An distinguished year in the energy sector lies ahead, with pipeline argue withs, OPEC trying to keep a grip on oil prices and a lot of U.S. natural gas about to swarm the market. While many stories will be unfolding in the coming months, here are five that are positive to be making headlines.
Consumers can expect to pay more to carry out up in 2018, according to Dan McTeague, senior petroleum analyst at GasBuddy.com.
McTeague expects gasoline prices will rise in the second half of the year as the U.S. restraint strengthens and demand spikes. It’s likely, he says, Canadians will see, on mean, about a five-cent-per-litre increase in 2018 versus averages in 2017.
“The whole efflux of demand in the United States continues to drive prices up for Canadians, whether we find agreeable it or not,” he says. “We are price takers, not price makers.”
A strengthening U.S. dollar and ungraceful carbon taxes may also add to the pump price.
Don’t expect an end to the tube drama as three major energy infrastructure projects remain in the on in 2018: Trans Mountain, Keystone XL and Line 3.
Pipeline supporters, take ining Alberta’s NDP government, believe the multibillion-dollar projects are needed to ease a transportation girlfriend resulting from growing production and limited shipping options. It’s one moneylender in why Canadian heavy oil sells at a discount to U.S. crude. New pipe would ease.
But opponents — whether they are jurisdictions, environmentalists or indigenous groups — be left determined to stop the pipelines. Their concerns are often both intensely native, like the direct impact on the landscape, and also part of the broader milieu change issue.
Despite controversy, observers expect progress on Occupation 3 and Trans Mountain in the coming year. TransCanada expects to secure indisputable federal U.S. permits for Keystone XL in early 2018.
Meanwhile, Canadian natural gas impresari will be watching what happens next year when new tubes start to move a lot more Appalachian gas out of Pennsylvania, West Virginia and Ohio and into the continental demand.
“So it’s just a question as to how quickly some of that gas will come on, and what it want do to gas prices,” said Samir Kayande, director at industry research resolved RS Energy Group in Calgary.
“It is just a tremendous success story from a productivity perspective — and it’s frankly a disaster from a gas market standpoint, because it’s a lot of cheap gas that’s buffeting the market,” he said.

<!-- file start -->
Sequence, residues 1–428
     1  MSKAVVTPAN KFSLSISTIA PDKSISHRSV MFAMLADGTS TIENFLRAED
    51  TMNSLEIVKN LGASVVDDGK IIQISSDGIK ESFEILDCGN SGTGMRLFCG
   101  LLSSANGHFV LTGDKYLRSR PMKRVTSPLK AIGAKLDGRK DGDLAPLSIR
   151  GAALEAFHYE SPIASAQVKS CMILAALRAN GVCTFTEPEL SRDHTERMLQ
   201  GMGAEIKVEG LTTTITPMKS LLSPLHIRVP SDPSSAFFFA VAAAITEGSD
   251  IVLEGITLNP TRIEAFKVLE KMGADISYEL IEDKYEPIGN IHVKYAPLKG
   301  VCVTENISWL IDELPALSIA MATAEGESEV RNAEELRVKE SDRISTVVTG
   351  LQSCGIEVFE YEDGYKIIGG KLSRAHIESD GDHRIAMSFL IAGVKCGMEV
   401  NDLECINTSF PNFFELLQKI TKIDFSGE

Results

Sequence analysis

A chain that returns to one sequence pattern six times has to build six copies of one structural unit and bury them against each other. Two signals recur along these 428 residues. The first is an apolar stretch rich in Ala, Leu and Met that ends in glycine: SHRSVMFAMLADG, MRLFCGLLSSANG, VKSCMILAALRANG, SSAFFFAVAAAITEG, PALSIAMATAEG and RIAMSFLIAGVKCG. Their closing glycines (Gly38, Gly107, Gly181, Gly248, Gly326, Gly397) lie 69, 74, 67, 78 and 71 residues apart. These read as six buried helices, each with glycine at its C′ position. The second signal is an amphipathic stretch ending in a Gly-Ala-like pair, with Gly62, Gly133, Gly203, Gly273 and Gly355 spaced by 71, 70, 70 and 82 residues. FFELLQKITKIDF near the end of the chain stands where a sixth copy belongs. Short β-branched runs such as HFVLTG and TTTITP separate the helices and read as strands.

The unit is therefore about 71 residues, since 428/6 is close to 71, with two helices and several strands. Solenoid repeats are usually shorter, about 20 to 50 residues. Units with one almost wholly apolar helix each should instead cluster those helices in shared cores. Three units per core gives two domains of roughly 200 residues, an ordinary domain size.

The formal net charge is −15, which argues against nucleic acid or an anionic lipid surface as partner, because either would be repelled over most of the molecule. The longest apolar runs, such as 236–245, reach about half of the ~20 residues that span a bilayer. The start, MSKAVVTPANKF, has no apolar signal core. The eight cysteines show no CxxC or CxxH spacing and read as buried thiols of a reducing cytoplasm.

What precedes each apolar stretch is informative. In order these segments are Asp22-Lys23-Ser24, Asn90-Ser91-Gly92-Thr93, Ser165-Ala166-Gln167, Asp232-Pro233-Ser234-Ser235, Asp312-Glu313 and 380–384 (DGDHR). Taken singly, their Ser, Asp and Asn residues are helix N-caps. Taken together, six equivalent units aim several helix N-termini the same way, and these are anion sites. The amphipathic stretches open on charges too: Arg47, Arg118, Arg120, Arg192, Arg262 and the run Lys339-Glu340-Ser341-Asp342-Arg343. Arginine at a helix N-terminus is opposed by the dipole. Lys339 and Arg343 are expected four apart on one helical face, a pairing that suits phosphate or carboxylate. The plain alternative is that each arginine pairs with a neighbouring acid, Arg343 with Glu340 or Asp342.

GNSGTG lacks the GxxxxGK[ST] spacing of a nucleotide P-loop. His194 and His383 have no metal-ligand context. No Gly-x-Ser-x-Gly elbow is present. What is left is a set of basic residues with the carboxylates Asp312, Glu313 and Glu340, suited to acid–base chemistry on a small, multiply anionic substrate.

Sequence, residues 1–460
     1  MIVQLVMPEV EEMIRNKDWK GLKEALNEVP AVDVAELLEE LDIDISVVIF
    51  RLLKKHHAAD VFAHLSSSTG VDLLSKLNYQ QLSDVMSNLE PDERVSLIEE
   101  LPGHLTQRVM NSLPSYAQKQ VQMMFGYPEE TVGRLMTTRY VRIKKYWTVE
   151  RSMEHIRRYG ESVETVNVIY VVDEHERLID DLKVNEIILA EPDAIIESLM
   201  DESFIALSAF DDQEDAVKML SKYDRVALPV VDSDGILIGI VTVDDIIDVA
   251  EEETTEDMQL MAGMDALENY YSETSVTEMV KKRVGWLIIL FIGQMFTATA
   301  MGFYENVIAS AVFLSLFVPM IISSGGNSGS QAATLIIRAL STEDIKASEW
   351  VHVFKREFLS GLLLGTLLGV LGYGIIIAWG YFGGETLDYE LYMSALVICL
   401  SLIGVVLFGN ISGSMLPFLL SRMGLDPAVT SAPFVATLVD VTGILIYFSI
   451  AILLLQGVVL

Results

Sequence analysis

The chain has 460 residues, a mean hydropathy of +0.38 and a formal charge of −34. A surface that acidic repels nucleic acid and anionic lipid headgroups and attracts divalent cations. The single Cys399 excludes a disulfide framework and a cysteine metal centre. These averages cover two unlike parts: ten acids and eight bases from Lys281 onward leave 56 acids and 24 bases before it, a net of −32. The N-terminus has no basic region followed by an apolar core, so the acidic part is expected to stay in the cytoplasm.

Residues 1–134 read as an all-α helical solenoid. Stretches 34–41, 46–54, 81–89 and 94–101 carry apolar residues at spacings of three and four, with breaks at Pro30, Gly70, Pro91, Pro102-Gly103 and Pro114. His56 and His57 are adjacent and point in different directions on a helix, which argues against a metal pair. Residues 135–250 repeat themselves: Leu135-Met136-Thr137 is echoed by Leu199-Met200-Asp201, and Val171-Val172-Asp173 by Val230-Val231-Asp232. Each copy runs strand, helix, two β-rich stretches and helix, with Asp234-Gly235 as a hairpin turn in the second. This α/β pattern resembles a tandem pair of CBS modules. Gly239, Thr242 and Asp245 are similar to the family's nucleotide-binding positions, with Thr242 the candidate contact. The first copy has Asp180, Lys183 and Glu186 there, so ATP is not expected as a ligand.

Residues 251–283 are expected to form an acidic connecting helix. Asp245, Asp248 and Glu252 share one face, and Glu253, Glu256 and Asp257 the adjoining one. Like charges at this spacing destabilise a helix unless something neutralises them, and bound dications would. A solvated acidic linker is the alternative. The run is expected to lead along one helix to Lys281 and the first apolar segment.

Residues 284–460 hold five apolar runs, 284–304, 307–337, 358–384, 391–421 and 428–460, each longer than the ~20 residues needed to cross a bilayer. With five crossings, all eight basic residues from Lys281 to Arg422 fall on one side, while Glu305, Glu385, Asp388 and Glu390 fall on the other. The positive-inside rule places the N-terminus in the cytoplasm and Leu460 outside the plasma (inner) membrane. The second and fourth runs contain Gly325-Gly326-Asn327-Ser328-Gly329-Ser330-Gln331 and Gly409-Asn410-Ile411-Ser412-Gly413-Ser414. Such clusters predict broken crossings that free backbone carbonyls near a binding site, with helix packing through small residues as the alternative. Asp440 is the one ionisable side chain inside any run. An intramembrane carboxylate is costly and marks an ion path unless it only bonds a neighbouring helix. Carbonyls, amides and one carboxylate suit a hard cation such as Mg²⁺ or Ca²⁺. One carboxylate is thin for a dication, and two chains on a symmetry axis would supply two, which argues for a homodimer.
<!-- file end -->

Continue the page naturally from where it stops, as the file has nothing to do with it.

OPEC and its non-OPEC allies, including Russia, astonished observers last year when they agreed to oil production crops — and then stuck to them. With time running out on the pact, they conformed in the fall to maintain the cuts for all of 2018.
The agreement is aimed at drawing down the over-abundance oil inventories that have dampened crude prices.
“We have courted very good compliance numbers from the OPEC members as OK as Russia,” said Dinara Millington, vice-president of research at the Canadian Puissance Research Institute. “Whether that will hold or not remains to be ruminate oned.”
The cartel will reassess target production levels according to merchandise conditions at their June 2018 meeting. In the meantime, OPEC and others will-power be watching to see if their efforts will be undermined by oil production increases from U.S. shale.
What transfer U.S. shale producers do in 2018? The answer is critical, and even the most up to date prognosticators at OPEC and the International Energy Agency (IEA) can’t agree on what wish happen.
Fecund shale production has reshaped the energy landscape in recent years. It’s also a needed component of U.S. President Donald Trump’s “America First” energy project, with the potential to turn the world’s largest oil-consuming nation into a net exporter of oil by the centre of the next decade.
But the more pressing issue is whether there’s a big signal of shale production coming next year.
OPEC doesn’t characterize as it will be big enough to harm the cartel’s efforts to erase the oil glut. The IEA, for now, thinks U.S. crude production will be strong and keep the overhang in seat.
“The big macro question in this industry right now, on the liquids side, is which one of those is the just one,” said Ian Nieboer, also of RS Energy Group. “Both can’t be [right].”
No discussion about energy in 2018 can ignore the role of renewables.
“This is a sector that’s coming faster than any of the other energy sectors out there,” says Warren Mabee, Canada probe chair in renewable energy development and implementation at Queen`s University in Kingston, Ont.
“It’s accepted to continue moving forward.”
Decisions made this year wishes ring into 2018, including fallout from B.C.’s decision to proceed with the Situate C hydroelectric dam, and Alberta’s aggressive plan to build 600 megawatts of new curve generation by 2019.
But Mabee is also looking for 2018 to provide key advances in solar panel increment as the industry inches closer to grid parity — the point at which it sway be cheaper for people to generate electrons on their roof than to buy electrons from a utility.
“It dominion not happen next year, but we’re moving closer and closer,” he said. “That’s accepted to be a hugely disruptive moment in the Canadian power industry.”